Gene changes, studies transform prolific tilapia | Inquirer News

Gene changes, studies transform prolific tilapia

07:23 AM January 14, 2019
Gene changes, studies transform prolific tilapia

IMPROVED Tilapia is sold at a roadside market in Barangay Naguilayan, Binmaley, Pangasinan. —WILLIE LOMIBAO

SANTO DOMINGO, Ilocos Sur — Years of research and genetic improvements have transformed the tilapia to become one of the richest, most widely available sources of protein in the Filipino diet.

The Philippines now has 11 varieties of tilapia for breeding, among them the genetically improved farmed tilapia, or GIFT; the genetically male tilapia, or YY tilapia; the genetically enhanced tilapia-excellent strain; and the brackish water-enhanced selected tilapia, or Improved-Best.


Filipino marine scientists have also developed the cold water-tolerant tilapia strain, as well as organic tilapia.

In Dagupan City, the Bureau of Fisheries and Aquatic Resources (BFAR) center has also bred a saline-tolerant tilapia called “molobicus.”


From Africa

When the genetic improvement of tilapia started in 1988, it “marked a milestone year” for the industry, said Jodecel Danting, chief of the National Freshwater Fisheries Technology and an authority on the fish species.

The fish was widely believed to be indigenous to the Philippines, but it was actually imported from Mozambique in the 1950s, Danting said during the school-on-air broadcast on tilapia culture of radio station dwRS in Vigan City.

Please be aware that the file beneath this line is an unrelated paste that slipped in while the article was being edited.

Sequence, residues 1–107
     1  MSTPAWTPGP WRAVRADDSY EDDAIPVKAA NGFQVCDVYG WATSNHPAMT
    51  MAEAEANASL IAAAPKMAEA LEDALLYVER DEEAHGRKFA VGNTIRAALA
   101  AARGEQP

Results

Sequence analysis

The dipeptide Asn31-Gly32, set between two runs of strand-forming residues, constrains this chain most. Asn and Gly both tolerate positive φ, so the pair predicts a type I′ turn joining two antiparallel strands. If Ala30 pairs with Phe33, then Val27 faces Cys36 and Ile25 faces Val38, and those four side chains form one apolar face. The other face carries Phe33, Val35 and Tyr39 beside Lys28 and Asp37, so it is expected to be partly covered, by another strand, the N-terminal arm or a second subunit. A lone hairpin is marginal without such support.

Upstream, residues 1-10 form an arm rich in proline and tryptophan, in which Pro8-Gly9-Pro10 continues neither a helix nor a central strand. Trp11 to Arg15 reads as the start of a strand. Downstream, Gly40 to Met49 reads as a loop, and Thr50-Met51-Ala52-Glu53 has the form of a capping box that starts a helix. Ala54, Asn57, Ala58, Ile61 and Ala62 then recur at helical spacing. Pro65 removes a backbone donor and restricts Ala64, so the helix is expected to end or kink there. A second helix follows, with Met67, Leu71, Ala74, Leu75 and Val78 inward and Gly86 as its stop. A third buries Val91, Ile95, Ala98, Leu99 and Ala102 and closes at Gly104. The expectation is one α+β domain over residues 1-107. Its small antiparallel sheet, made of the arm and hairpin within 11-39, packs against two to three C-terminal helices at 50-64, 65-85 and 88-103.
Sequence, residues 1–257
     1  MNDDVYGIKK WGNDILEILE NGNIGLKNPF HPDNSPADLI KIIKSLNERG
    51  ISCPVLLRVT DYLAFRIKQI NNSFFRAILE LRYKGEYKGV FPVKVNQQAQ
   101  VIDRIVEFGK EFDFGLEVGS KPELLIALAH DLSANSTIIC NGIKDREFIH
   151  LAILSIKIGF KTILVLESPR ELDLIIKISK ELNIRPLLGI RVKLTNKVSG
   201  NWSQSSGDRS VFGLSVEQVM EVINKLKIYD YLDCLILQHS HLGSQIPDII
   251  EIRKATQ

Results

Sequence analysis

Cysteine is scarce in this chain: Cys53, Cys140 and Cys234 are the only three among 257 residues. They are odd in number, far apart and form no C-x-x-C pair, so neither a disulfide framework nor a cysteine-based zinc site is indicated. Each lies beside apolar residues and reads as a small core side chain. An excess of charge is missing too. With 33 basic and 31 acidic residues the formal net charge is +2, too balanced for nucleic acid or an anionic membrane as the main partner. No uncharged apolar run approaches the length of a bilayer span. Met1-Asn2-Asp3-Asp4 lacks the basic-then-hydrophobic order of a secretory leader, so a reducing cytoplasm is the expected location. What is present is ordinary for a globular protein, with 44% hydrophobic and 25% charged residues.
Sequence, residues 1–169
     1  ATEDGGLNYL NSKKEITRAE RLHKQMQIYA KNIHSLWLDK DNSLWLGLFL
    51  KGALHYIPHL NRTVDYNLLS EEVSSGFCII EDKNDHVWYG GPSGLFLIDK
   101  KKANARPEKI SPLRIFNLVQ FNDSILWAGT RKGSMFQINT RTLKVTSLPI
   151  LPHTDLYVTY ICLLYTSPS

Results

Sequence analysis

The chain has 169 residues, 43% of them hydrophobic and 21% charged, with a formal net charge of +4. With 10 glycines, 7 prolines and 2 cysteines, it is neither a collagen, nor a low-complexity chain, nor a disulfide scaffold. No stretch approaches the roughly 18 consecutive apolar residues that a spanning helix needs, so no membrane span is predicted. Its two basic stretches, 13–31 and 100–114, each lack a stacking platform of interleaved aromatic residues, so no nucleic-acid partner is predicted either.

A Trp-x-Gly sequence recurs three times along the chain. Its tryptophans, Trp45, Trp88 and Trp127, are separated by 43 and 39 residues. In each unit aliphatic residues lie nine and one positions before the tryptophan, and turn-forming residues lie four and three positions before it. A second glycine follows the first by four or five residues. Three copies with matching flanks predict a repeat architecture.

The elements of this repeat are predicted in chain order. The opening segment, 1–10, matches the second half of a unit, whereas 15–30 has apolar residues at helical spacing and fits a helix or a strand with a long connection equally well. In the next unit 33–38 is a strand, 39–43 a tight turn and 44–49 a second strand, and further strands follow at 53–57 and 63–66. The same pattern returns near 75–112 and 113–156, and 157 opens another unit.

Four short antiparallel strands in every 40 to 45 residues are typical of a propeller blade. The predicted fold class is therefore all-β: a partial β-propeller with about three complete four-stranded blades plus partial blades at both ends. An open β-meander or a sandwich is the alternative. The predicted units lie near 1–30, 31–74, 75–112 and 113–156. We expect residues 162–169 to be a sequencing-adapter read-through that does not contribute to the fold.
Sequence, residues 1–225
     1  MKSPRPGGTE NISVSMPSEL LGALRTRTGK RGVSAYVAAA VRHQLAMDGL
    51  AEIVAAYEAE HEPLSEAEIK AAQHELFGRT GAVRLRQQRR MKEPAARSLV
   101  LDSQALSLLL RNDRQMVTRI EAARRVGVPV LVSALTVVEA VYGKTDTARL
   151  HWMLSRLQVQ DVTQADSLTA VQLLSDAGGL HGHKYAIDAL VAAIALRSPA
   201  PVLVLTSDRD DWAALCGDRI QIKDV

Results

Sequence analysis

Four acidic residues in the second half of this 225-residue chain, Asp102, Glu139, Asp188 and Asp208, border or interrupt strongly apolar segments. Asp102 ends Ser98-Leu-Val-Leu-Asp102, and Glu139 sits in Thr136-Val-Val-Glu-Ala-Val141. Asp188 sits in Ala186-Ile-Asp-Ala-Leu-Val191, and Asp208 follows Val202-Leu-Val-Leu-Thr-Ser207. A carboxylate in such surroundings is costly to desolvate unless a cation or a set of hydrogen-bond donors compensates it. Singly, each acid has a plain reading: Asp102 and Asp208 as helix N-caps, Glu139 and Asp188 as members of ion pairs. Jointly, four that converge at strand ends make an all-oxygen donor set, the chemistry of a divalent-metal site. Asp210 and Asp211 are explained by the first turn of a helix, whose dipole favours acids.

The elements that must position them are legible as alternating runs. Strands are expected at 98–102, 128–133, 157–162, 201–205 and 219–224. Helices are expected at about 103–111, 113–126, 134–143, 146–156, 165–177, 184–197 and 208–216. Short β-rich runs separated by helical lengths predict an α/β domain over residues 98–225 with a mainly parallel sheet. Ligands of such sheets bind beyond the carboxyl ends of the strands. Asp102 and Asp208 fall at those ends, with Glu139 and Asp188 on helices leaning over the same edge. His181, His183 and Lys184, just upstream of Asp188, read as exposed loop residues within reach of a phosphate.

She said the first stocks were “small” and had “dark” skin although the fish did not take much nurturing to multiply.

In the 1970s, another species, the Nile tilapia, was introduced, boosting local commercial production of the fish.

It did not take long for science intervention to improve the tilapia look, taste and adaptability to different environments.

Fourth biggest producer


The Philippines is now the fourth biggest producer of the fish in the world. In 2007, it ranked among the top tilapia growers worldwide, with a total production of 241,182,75 metric tons.

But production in 2017, estimated at 311,000 MT, was still not enough to feed all Filipinos.

“We’ve done it once, we can do it again,” Danting said, citing BFAR efforts to boost production through fresh genetic manipulations and research.

Tilapia is now the country’s third most-produced aquaculture commodity.

A government action plan for 2018-2022 aims to achieve a sufficient supply of high-quality broodfish for farming, enforcing “standardized” protocol for managing tilapia fry and fingerlings, increasing production in brackish water areas, and lowering feed cost by 70 percent. —YOLANDA SOTELO

Subscribe to our daily newsletter

By providing an email address. I agree to the Terms of Use and acknowledge that I have read the Privacy Policy.
Read Next
Don't miss out on the latest news and information.

Subscribe to INQUIRER PLUS to get access to The Philippine Daily Inquirer & other 70+ titles, share up to 5 gadgets, listen to the news, download as early as 4am & share articles on social media. Call 896 6000.

TAGS: BFAR, molobicus, National Freshwater Fisheries Technology, tilapia breeding
For feedback, complaints, or inquiries, contact us.

Subscribe to our daily newsletter

By providing an email address. I agree to the Terms of Use and
acknowledge that I have read the Privacy Policy.

© Copyright 1997-2022 | All Rights Reserved

We use cookies to ensure you get the best experience on our website. By continuing, you are agreeing to our use of cookies. To find out more, please click this link.